Nadar Hussain lives with his wife, Chaudery, and their seven children in Kot, a town located in the Khawara Valley of Pakistani Kashmir. Nadar worked as a gardener in Islamabad until he was forced to retire 22 years ago to receive a large severance needed for a family emergency. Since retirement, the Hussains have mostly relied on Nadar’s 1,500 rupees ($25) monthly pension to survive. They also earn a small amount of money cutting grass and growing corn on their small plot of land. The yearly corn crop is minimal, and typically yields only three bags of corn (150lb per bag) worth 1,300 rupees ($21).

Illness has taken a heavy toll on the Hussains’ income. Nadar has tuberculosis. His children are between the ages of 15 and 30. The four oldest sons are disabled. The two oldest sons are purblind, which means they cannot see at night. The third son is deaf, and the fourth is epileptic. Only the two youngest sons can earn a wage laboring, and the daughter remains at home. When Nadar gardened in Islamabad, he could afford to send his children to school. However, after Nadar’s retirement the family needed the small wages the youngest sons earned laboring, which ruled out attending school.The Hussains lived in a small two-room house with Nadar’s brother, the brother’s wife and their four children, until the October 8, 2005 earthquake that devastated parts of Pakistan. The earthquake destroyed the house and left everyone homeless. Fortunately, no one was hurt because everyone was outside helping to harvest corn.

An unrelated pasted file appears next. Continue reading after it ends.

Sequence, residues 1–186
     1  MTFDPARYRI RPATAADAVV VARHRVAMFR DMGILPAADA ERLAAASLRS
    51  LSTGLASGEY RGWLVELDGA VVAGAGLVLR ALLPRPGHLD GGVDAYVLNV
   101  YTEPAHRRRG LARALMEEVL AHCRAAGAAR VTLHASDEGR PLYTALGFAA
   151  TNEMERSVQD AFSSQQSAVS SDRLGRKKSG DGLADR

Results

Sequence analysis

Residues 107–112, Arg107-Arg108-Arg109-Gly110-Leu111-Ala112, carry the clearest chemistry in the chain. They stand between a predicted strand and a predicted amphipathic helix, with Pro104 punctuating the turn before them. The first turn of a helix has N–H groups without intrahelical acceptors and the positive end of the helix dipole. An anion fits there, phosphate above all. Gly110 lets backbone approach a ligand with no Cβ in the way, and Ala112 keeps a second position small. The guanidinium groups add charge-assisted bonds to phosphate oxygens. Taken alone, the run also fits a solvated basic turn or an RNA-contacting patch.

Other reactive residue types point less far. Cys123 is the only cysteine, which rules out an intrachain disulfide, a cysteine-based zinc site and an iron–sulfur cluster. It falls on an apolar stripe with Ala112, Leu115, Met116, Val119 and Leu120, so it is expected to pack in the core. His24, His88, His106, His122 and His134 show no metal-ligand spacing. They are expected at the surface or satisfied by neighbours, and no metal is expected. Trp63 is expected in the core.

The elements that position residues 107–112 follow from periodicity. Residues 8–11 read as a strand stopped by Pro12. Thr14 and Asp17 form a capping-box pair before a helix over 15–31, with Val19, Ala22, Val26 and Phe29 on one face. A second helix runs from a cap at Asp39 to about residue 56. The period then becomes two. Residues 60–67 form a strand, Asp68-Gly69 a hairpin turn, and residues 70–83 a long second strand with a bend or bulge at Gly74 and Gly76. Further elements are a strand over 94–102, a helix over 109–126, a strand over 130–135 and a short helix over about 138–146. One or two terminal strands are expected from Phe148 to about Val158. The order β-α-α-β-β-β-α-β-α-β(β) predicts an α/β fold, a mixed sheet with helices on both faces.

When the Earthquake Reconstruction and Rehabilitation Authority (ERRA), a Pakistani government agency, assessed the damage and disbursed compensation for building a new house, the money was given to solely Nadar’s brother. A family dispute kept Nadar and his family homeless.

The IRC approached the Kot community about building a house for a vulnerable family as part of a larger multi-sector rehabilitation project funded by Stichting Vluchteling, the Dutch refugee foundation. The community chose the Hussains. The IRC built a house to shelter the Hussains and demonstrate earthquake-resistant construction techniques to the community. The Hussains were the perfect choice because their need was great and their land was close to the main road in Kot. Construction began in June 2007. Nadar provided 16,000 rupees ($266) worth of wood and materials, and the IRC provided the remaining 296,000 rupees ($4,933) needed. The IRC contracted masons in September to ensure the house was built before winter.